Democrats hope to use the wind at their backs following the historic vote on health care to push other issues on their agenda to victory and they're telling Republicans now is the time to get on board.
Connecticut Democratic Senator Chris Dodd told reporters at the White House today, "Maybe I'm a minority of one on this view: I would hope that after yesterday, those Republicans who, I think, reluctantly went along with 'just say no. We're against everything' are finally gonna step up and say, 'look, that's over with. We didn't get elected to Congress or the United States Senate to just sit around and say no to everything.'"
For Dodd, the Senate Banking Committee Chair, and Congressman Barney Frank (D-MA), the next battle is financial reform; an issue Frank says is now the number one concern for Americans. Democrats, they say, will be at the forefront of that challenge.
After meeting with the President on the topic today, Frank told reporters, playing off of an infamous criticism of President Obama's health care push, "There are going to be death panels enacted by the Congress this year, but they're death panels for large financial institutions that can't make it."
White House Press Secretary Robert Gibbs expressed that same optimism at his briefing today, saying, "I think the President expects that we will finish financial reform in the next couple of months."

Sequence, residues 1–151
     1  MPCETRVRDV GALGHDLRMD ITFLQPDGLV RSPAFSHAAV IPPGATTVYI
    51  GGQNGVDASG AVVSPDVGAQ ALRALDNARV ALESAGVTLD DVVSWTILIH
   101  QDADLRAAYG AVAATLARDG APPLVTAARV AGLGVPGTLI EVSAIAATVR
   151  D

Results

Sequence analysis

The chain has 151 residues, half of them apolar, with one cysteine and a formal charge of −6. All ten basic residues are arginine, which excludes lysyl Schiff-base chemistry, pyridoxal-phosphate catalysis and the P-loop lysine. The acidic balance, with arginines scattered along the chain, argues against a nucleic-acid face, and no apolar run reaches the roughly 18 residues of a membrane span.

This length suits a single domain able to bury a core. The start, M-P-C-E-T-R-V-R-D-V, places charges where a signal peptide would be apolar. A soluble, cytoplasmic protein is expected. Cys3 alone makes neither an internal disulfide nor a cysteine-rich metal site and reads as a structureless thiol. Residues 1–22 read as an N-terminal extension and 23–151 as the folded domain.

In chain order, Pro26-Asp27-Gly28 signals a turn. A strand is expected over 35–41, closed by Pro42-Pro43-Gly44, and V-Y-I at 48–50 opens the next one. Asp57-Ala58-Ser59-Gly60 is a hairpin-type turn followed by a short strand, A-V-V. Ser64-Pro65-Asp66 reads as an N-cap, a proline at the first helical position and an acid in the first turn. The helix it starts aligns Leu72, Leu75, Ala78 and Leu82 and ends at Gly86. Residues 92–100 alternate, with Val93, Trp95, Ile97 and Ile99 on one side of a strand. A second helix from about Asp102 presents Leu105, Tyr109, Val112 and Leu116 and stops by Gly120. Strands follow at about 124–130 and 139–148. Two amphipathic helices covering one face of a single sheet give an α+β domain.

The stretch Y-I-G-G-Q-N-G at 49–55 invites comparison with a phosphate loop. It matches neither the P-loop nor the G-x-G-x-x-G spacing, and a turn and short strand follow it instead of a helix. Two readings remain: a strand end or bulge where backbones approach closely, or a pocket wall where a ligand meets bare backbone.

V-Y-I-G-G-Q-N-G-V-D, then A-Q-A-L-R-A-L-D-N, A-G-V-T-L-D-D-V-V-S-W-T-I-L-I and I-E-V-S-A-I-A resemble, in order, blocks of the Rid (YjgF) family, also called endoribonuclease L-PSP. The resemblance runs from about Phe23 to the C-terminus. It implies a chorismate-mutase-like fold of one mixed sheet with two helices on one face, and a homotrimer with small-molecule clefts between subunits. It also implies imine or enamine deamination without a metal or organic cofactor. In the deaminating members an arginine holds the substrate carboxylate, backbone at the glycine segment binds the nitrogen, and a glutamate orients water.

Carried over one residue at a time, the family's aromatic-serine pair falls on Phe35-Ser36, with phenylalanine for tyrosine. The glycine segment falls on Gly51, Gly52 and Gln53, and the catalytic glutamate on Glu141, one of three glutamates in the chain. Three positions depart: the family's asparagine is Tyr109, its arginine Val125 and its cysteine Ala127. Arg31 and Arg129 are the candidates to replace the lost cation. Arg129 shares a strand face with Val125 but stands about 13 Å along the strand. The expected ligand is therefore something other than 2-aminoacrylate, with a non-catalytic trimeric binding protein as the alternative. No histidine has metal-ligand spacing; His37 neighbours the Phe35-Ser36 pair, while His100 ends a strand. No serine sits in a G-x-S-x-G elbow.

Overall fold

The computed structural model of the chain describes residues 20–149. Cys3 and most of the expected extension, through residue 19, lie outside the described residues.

Just yesterday, Dodd's Committee approved a reform bill, pleasing Mr. Obama, who steeled his resolve on the issue, "I will continue to fight to strengthen the bill and against attempts to undermine the independence of [a new consumer] agency," he said in a statement released Tuesday.
"I will also oppose efforts to add loopholes that could harm consumers or investors, or that allow institutions to avoid oversight that is critical for financial stability," he said.
Dodd and Frank don't see bipartisanship as an obstacle that cannot not be overcome on financial reform. "I've had some very positive initial conversations with Richard Shelby, the Ranking Republican of the Banking Committee, over the last 24-48 hours. [Senator] Bob Corker has been willing to work on these matters and others," Dodd said.
He continued, challenging Republicans, "I know there are Republicans I serve with in the Senate who, frankly, don't wanna just say 'no policy', when it comes to major legislative initiatives. And they would like to be part of this debate and offer constructive ideas to this proposal... I think health care, frankly, the outcome there, I think has strengthened our hand in reaching out to people who'd like to be part of the solution."